Given that it was a moderate-risk Saturday in what had theretofore been a rather lackluster, non-stormy May, we expected Kingfisher-esque crowds of storm chasers in western Kansas. In a bid to reduce the number of cars on the roads, Dan D. and I took two passengers along: Dan S. and Steven. W. of the UK Met Office, who were in Norman for the HWT Spring Experiment. Neither of them had seen a tornado before.
We found the crowds in Greensburg, KS – site of an infamous EF-5 tornado six years earlier. With that heavy history weighing on us, we spent a couple of hours hobnobbing with other chasers, munching convenience store food, and watching elevated showers percolate behind the dryline. In the meantime, a storm up near Ness City began to entice us with a hefty, 60 dBZ hail core and hook echo – but we judged it was too far away, and moving away too quickly, to be a viable target for us. One tower finally solidified northwest of Greensburg around 5 p.m., and we headed up U.S. Hwy. 183 to investigate. Its base was elevated, but persistent. We waffled on whether to stick with this target, or head back south to a less-organized cluster of thunderstorms in Lipscomb Co., TX. We eventually chose the bird in hand, and followed our target storm into Kinsley, KS.
As we drove through Kinsley, our radio crackled to life with reports of a high-based funnel beneath our storm’s still-elevated base. We spotted at least three of them between the buildings and trees. We continued north up U.S. Hwy. 183, and stopped once we noticed that our storm – now a supercell – was merging with a second, more modest cell approaching its right flank. (Part of my current research investigates whether this type of merger is beneficial to tornadogenesis. There are some anecdotes suggesting this might be the case.) We parked about four miles south of the intersection of U.S. Hwy. 183 and KS-156, where we watched the bases of the two storms merge and the cloud base drop.
Soon enough, the wall cloud extruded a few rotating scud fingers. We gingerly stepped out of our car (a few CGs were striking too close for comfort) and set up our tripods. Sure enough, around 7:15 p.m., a funnel cloud drilled lazily downward to our west. Over the course of the next several minutes, it morphed into a majestic stovepipe, and finally a symmetric cone with a flared dust cloud around its base. The funnel appeared to occlude at least two times, and disappeared entirely before returning for an encore performance. Our two guests from the UK seemed suitably impressed. This tornado is now known as Rozel, KS, tornado, in reference to the nearest town.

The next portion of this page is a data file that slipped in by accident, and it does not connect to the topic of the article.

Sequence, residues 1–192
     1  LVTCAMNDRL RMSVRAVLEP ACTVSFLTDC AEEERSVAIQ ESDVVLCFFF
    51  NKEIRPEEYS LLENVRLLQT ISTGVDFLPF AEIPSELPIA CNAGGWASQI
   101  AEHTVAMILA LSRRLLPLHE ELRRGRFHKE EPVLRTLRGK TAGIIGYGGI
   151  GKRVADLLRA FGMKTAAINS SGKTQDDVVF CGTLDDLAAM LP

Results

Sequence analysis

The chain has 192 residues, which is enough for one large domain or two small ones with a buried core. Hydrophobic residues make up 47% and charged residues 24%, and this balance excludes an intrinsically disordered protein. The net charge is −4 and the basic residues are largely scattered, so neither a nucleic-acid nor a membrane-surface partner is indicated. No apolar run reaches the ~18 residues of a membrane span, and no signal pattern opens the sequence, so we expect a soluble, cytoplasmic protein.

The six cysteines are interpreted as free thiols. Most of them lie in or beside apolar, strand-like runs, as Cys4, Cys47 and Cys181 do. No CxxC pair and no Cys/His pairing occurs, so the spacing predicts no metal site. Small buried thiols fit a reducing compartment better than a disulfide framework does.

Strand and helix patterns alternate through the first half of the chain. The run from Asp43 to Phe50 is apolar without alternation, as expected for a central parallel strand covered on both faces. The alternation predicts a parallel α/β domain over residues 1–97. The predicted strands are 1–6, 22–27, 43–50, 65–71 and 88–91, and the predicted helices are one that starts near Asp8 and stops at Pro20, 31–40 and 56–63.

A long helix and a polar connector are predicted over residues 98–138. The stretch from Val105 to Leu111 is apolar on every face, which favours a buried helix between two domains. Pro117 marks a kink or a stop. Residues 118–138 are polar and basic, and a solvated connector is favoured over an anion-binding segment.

Protracted rope-out phase of the Sanford, KS tornado. At this point, the condensation funnel was completely detached from the cloud base overhead.
The storm was now north of our latitude, so we packed our gear back up and headed east on KS-156. We hadn’t gotten more than a mile or two before Dan D. hollered for me to stop the car. In a field less than a mile to our north, a new lowering and dust whirl were visible. I backed into a small pull-off and we all set up our tripods again, watching as the Sanford, KS tornado took shape. From our vantage point, it moved from right to left, then back from left to right, then reversed its course yet again. (Watch my time lapse footage near the end of this video.) These motions may have been in response to rain-filled downdrafts that we observed in close proximity to the funnel.
As with the Rozel tornado, the Sanford tornado appeared to dissipate completely before returning for an encore (zombie-nado?). This is why I always try to leave the camera running for an extra minute or two when the show is apparently over! We called off the chase in Larned, KS, before heading to Wichita for the night.
I am still getting my bearings back after three straight days of tornadoes. Yesterday, I watched the Moore tornado form from the controls of the KOUN radar on the north side of Norman.
It was my first time to see a tornado while not actively chasing. As I watched it track past me to the northwest and disappear into the murk, I crossed my fingers that it would spare Moore. It didn’t. It crossed I-35 between 4th and 19th street, scattering cars, houses, and people like a mammoth lawn mower. The Warren Theater, where I watched a sneak preview of the new Star Trek movie last week, was damaged and pressed into use as a triage area.
I was ready to write two relatively light-hearted posts about my chases last weekend. I just don’t feel that lighthearted anymore. A co-worker of mine lost her home, but fortunately is not injured. My husband and I are going to go through our garage tonight and gather items to donate to people a few miles away who literally lost everything they own. Honestly, how many times can a nightmare repeat itself?
Yesterday is already wrapping up to be one of my best chases in years. I witnessed two long-lived tornadoes – one at 6:30 p.m. CDT near Rozel, Kansas, and the second at about 8:00 p.m. just north of Sanford, Kansas (which we watched from less than a mile away). I shot more than 40 minutes of video and boatloads of stills, and it is going to be some time before I can sort through and upload the highlights. Unfortunately we have learned that one of the tornadoes destroyed a home in Rozel, and our hearts go out to the victims as they begin to put their lives back together.
Today is also shaping up to be a big chase / tornado outbreak day, and we have some crucial decisions to make. So for now I will just leave you with a teaser. Stay safe today in OK, KS, and MO!
Sanford, Kansas tornado at about 8:06 p.m. on 18 May 2013.